To remedy this, the concept of positional encoding is employed. Specifically, a tensor that matches the shape of the input sequence is added to the input, and this tensor is designed such that the difference in values between any two positions reflects their distance in the sequence. This allows the model to understand the relative positions of tokens and treat them accordingly.

To this end, several methods for positional encoding have been proposed. Before we dive into more advanced methods for positional encoding, let's first debunk the shortcomings of seemingly intuitive solutions. Up first, one might think about normalizing time-step values between [0, 1] and using them for positional information:

```
time_step_normalized = np.linspace(0, 1, num_tokens)
```

Though tempting, this approach is inherently flawed: the normalized values are dependent on sequence length, making it problematic for the model to handle sequences of varying lengths - a positional encoding value of 0.4 means something entirely different to a sequence of length 4 than to a sequence of length 80.

Similarly, one might advocate for a linear numbering scheme such as:

```
time_step_linear = np.arange(1, num_tokens + 1)
```

Simple? Yes. Effective? Not quite. As sequence length inflates, positional values escalate, undermining the model's ability to generalize to sequences longer than those in the training set, while potentially leading to training instabilities (e.g. exploding gradients).

### Sinusoidal Positional Encoding

Among the various approaches proposed over time, the most widely used form of fixed positional embeddings is sinusoidal positional encoding. In this method, each position in the sequence is uniquely represented by a combination of sine and cosine functions at different frequencies. These sinusoidal embeddings are added to the input embeddings to supplement them with positional context.

```
def sinusoidal_positional_encoding(position, d_model):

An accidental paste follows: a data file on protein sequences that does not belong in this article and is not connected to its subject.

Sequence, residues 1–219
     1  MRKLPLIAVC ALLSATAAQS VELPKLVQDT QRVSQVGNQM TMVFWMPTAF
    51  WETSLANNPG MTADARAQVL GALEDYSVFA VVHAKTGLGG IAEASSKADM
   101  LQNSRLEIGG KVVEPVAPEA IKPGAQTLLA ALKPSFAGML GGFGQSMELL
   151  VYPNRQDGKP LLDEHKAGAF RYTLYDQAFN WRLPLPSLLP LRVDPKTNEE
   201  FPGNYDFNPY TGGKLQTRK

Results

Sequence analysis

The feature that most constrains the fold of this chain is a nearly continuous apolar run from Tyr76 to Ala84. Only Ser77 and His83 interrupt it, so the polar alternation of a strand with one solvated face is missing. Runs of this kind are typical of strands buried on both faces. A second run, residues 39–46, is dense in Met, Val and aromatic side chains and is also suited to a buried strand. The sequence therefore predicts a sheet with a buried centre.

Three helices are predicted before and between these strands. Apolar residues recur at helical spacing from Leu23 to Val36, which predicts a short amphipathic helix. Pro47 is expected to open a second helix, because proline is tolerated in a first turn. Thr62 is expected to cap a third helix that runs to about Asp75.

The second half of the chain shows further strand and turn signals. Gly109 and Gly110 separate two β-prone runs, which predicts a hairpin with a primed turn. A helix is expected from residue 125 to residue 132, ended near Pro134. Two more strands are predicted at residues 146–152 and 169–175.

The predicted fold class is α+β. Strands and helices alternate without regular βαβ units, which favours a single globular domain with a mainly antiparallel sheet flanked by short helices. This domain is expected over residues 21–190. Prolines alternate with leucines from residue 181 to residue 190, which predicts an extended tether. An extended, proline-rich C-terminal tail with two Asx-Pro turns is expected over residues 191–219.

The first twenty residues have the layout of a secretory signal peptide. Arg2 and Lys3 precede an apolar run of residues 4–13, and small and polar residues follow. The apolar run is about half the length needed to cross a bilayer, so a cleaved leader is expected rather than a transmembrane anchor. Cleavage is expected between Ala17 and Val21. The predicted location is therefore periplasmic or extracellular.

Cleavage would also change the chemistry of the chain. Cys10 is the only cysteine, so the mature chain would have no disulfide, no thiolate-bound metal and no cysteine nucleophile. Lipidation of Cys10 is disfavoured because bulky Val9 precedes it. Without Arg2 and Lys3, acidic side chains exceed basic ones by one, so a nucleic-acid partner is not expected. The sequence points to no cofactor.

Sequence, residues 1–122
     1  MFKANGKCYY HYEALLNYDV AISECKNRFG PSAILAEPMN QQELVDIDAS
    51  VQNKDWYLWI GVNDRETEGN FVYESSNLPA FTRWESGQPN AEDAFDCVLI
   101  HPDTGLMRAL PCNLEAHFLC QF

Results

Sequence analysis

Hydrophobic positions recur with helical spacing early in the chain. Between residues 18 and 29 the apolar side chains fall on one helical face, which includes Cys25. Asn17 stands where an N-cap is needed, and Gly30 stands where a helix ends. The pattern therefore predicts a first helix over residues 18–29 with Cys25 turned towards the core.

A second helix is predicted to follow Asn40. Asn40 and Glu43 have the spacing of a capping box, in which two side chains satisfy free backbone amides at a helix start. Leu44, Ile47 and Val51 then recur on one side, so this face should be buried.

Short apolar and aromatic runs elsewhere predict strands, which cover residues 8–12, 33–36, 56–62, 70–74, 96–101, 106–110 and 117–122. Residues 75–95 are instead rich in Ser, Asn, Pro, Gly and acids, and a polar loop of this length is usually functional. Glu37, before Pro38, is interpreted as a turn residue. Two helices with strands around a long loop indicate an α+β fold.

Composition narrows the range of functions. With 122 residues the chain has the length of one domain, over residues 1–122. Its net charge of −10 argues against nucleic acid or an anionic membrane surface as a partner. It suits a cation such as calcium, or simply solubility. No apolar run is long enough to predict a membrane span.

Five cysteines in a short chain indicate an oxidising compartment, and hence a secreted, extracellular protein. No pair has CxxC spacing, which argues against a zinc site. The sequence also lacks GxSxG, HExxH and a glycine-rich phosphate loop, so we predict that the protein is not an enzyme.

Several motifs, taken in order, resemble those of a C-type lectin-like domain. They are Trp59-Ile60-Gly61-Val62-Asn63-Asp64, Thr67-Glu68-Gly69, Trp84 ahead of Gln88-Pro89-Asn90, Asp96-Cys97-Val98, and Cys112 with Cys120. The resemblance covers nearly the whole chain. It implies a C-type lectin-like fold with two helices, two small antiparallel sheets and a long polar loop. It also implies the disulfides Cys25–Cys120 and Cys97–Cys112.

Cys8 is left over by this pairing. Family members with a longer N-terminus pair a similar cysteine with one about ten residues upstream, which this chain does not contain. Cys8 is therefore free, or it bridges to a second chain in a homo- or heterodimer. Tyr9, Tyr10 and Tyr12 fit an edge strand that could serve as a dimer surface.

angle_rads = np.arange(d_model) // 2 * np.pi / np.power(10000, 2 * (np.arange(d_model) // 2) / np.float32(d_model)) # 1
angle_rads = position * angle_rads # 2
pos_encoding = np.zeros(d_model) # 3
pos_encoding[0::2] = np.sin(angle_rads[0::2]) # 4
pos_encoding[1::2] = np.cos(angle_rads[1::2]) # 4
return pos_encoding
```

Here, the function takes two arguments: `position`

representing the position of a token in the sequence, and `d_model`

being the dimension of the model's input embeddings.

**Initialize Angle Array:**We start by creating an array that will hold angle values for sine and cosine functions. These angles are calculated in such a way that they depend on both the position of a token in the sequence and its position in the embedding space. The calculations involve some scaling to ensure that the model handles different sequence lengths efficiently.**Position-Based Scaling:**The next step is to multiply these pre-calculated angle values by the position of the token in the sequence. This ensures that each token position will have a unique set of angles.**Initialize Encoding Array:**An array of zeros is then initialized. This array will hold the final positional encodings and has the same size as the embedding dimension of the model.**Populate Sine and Cosine Values:**Finally, we populate this zero array with sine and cosine values based on the angle values we've computed. The sine values go into the even-indexed positions, and the cosine values go into the odd-indexed positions. The end result is that each position in the sequence gets a unique pattern of sine and cosine values, making it distinguishable from other positions.

How exactly does this approach convey positional information? Imagine a series of pendulums aligned in a straight line. Each pendulum is swinging at a different frequency, starting from the leftmost one, which swings the slowest, to the rightmost one, which swings the fastest. Now, imagine taking a snapshot of the pendulums at a certain time `t`

where`t`

corresponds to the token's position in the sequence.

In this snapshot, pendulums on the left have moved very little due to their slower frequencies, while those on the right have moved considerably. If you were to calculate the dot product (read: similarity) of their positions at this moment, the slow-swinging pendulums would be aligned closely and contribute positively to the dot product. In contrast, the fast-swinging pendulums would be out of phase and contribute noise around zero to the dot product.

As time (or position) progresses, the snapshot would capture more pendulums being out of phase, causing the dot product value to gradually converge to zero. This mirrors the behavior of the sinusoidal positional encoding: the dot product between the positional encodings of tokens that are close in sequence will be high, while the value will smoothly decrease for tokens that are further apart.